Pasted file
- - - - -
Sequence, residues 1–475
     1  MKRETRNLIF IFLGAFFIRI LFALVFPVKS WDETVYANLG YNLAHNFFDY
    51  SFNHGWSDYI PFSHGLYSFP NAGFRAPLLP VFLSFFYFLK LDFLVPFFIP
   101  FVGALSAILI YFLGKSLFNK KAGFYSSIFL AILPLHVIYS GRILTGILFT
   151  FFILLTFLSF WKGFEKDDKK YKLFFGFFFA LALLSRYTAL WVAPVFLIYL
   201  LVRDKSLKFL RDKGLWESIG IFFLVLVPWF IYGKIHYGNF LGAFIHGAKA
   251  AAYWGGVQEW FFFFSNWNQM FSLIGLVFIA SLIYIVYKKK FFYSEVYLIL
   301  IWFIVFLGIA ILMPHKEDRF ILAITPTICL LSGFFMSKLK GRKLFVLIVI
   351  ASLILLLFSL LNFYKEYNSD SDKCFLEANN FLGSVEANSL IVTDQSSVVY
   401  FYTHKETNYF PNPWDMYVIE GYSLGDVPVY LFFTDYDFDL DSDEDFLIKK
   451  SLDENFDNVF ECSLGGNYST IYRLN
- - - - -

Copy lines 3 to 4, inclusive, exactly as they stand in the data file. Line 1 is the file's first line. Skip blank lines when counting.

    51  SFNHGWSDYI PFSHGLYSFP NAGFRAPLLP VFLSFFYFLK LDFLVPFFIP
   101  FVGALSAILI YFLGKSLFNK KAGFYSSIFL AILPLHVIYS GRILTGILFT